Our structural engineers are well equipped to handle and provide innovative solutions when working on sensitive historic and listed property.
The elliptical Tiverton Canal Visitor Centre building was designed by our architects to merge into its surrounding landscape through the use of natural and traditional materials including green oak cladding and terne-coated steel, intended to weather giving the impression of lead.
This project however gave us an interesting structural engineering challenge as the centre is constructed on an old retaining wall, within which sits a Grade-II listed lime kiln, lying beneath the canal basin. As a result, extensive surveys and archaeological ground investigations had to be carried out first to locate and ensure the foundations of the visitor centre did not damage the kilns in any way.
Working closely with English Heritage, the wall was monitored to ensure it was not disturbed. Twelve piles were carefully driven into the ground, missing the lime kilns, to provide foundations. A specialist steel frame sits across the piles to support the timber structure.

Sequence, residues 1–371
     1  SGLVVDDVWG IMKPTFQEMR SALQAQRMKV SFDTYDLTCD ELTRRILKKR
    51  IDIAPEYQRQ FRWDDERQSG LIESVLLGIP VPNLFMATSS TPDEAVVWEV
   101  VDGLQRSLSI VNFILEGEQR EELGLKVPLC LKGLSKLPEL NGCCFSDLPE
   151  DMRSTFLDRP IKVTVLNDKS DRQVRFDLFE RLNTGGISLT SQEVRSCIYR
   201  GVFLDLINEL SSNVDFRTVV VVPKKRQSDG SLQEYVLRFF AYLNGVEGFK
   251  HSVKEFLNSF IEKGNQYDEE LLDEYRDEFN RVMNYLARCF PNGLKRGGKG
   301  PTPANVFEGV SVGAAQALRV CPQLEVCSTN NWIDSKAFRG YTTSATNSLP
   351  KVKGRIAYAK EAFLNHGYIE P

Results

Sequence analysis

The visitor centre opened in April 2013, providing interactive education about the vital role the Grand Western Canal has, and continues, to play in Devon’s vibrant heritage. This £305,000 project was funded by Devon County Council, with contributions from Tiverton Town Council and The Friends of the Grand Western Canal.